Getting to St Helens is about 3 hour drive from Seattle and as you get closer, you clearly see the new trees that have been planted after the volcanic eruption of 1980, and as you inch closer, the massive volcano can be seen with some activity at the crater still fuming. In summer, the wildflowers at the volcano are a treat to watch and one a clear day one can observe picture perfect views of Mount Adams as well.
The best spot to watch the volcano is from Johnston ridge observatory which has a visitor center as well. We highly recommend watching the two movies that gets played here one about the eruption itself and the other about how life came back in the area. The rim of the observatory offers some nice hikes in the region as well with views of the Mount St Helens.
Just a few miles outside the observatory, there is Coldwater lake that was created from the debris and volcanic ash of the eruption surround the Coldwater ridge which is a nice picnic spots with some short trails in the woods.
11.Diablo Lake, Washington Pass and the North Cascades
North cascades is probably the most precious gem of Washington state. The national park is huge and has so much to offer and one can do a hike every day of the year in this park and still be left with more to do. Our favorites here are a couple of different spots, some accessible directly with a drive, some with a hike, but there is something for everyone.
Diablo lake is probably the most picturesque lake in all of Washington with its turquoise blue colour and snow capped mountains all around. You can get to the bottom of the lake as well and picnic or just kayak in the lake. Over the years, this region has experienced some massive fires which still show up on the drive but the new vegetation is taking over and the drive will offer plenty of that along with waterfalls and dams and vista points for you to look at.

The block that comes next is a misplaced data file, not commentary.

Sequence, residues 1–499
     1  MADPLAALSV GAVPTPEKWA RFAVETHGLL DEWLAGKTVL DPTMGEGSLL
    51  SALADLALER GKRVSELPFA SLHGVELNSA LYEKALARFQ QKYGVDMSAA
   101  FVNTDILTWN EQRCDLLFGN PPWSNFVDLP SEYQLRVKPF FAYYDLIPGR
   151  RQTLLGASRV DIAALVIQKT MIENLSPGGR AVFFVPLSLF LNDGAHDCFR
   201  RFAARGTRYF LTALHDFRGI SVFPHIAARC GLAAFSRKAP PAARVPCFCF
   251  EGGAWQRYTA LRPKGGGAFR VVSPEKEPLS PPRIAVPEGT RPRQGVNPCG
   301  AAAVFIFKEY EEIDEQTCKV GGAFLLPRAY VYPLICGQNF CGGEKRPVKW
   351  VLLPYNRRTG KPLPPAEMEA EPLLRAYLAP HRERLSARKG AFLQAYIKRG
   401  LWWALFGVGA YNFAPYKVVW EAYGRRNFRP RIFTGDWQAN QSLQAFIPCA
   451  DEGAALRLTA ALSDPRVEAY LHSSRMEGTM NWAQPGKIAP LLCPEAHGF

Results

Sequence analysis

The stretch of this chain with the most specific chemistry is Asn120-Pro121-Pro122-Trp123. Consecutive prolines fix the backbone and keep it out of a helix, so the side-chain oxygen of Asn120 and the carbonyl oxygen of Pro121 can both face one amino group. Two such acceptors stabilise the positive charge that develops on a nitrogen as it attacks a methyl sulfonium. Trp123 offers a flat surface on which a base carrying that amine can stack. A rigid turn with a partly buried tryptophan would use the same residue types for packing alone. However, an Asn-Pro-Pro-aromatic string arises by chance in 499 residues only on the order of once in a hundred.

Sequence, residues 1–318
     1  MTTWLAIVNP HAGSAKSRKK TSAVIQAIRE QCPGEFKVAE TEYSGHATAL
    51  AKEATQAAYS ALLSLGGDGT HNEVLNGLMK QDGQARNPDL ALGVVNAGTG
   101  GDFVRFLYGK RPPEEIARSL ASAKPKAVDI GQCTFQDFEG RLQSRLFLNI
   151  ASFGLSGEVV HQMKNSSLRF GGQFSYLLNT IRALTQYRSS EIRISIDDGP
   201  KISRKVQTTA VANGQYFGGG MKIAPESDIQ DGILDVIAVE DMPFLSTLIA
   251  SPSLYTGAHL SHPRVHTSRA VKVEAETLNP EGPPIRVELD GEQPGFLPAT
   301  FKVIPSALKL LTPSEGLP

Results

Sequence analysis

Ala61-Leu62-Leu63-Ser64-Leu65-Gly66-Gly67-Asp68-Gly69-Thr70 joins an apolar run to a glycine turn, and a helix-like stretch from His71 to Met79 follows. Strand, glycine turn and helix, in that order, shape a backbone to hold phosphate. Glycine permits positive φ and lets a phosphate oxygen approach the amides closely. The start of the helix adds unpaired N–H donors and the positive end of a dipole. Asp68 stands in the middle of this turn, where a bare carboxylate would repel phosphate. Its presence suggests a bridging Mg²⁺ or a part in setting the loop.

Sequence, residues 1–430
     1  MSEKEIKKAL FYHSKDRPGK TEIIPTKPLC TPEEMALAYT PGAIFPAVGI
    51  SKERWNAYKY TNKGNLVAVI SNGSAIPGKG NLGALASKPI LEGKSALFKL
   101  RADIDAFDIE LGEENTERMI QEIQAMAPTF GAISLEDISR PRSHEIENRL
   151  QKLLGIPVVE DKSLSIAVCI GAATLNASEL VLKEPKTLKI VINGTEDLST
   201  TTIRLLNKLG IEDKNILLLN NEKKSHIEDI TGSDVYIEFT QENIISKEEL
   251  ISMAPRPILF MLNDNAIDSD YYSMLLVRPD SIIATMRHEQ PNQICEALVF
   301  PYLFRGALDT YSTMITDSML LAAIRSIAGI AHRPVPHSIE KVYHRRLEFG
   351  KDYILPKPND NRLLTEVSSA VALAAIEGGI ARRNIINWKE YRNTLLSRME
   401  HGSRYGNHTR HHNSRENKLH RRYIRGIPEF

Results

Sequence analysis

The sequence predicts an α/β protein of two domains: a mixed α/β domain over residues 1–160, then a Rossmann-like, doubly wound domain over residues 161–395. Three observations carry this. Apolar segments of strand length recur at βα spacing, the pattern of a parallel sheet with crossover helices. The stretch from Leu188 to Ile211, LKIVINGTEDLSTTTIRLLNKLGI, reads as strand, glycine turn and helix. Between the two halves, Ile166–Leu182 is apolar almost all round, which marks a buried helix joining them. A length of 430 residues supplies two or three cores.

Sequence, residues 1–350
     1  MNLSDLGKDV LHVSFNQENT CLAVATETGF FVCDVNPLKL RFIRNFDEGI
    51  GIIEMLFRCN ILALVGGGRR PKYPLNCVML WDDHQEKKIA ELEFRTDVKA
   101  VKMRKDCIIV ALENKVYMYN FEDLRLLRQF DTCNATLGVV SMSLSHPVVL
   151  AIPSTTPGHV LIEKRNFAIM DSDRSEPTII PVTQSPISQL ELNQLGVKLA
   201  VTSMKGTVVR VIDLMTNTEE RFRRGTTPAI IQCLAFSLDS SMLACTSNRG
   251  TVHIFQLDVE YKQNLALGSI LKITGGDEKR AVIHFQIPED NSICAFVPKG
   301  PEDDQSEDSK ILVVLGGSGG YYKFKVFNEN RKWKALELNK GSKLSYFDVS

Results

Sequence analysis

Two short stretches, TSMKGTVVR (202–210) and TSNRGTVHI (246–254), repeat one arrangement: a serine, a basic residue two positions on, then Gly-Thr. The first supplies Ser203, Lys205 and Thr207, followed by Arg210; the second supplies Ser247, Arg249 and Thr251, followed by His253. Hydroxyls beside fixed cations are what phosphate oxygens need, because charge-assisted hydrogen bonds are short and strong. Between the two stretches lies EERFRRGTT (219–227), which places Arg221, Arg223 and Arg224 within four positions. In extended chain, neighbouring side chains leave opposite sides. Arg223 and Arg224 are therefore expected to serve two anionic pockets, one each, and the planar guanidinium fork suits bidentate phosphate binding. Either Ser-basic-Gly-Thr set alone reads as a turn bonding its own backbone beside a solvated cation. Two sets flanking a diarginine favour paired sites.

As you drive another hour north from diablo lake, you will approach the Washington pass overlook, which is also home to a dozen of popular hikes in the cascades. Overlook is magnificent with views of the valley and the hikes are mind-blowing, more so in the fall when the yellow larches lit up the whole valley with some snow in backdrop.
Generally if hiking, you will need to plan ahead and if you are looking at our recommendations- they would be Blue lake, Cut throat lake, Maple pass loop.
12. Mount Adams
About 4.5 hours away from Seattle, Mount Adams is a sight to behold much like Mount Rainier, albeit slightly less explored and accessible. Situated in southern Washington, closer to the Portland & Hood river, Mount Adams situated in the eastern Cascade range, east of Mount Saint Helens and north of Mount Hood, is the second most massive and the third tallest volcano in the Cascade range. It’s eruptive volume is about 48 cubic miles and only Mount Shasta is larger in volume in the Cascades
We decided to stay in Getaway Cabins during our stay which is about an hour outside of the main volcano, a must to be explored stay if you are planning a trip to Adams. (Don’t forget to use code “DESTINUTS” to get 25$ off on your booking). The wonderful stay in the woods is one of our favorites and we recommend everyone to experience the same.
Within Adams, there is plenty to be seen with numerous lakes like Takhlakh lake, Ollalie lake, Council lake with different mountain vistas along the road and some small waterfalls/streams very close to the main road. Local stores in Trout lake(nearest town to Adams) offers some delicacies and you shouldn’t miss the local huckleberry shake while you are there. Read all this and our stay in the blog to plan your trip to Majestic Mount Adams.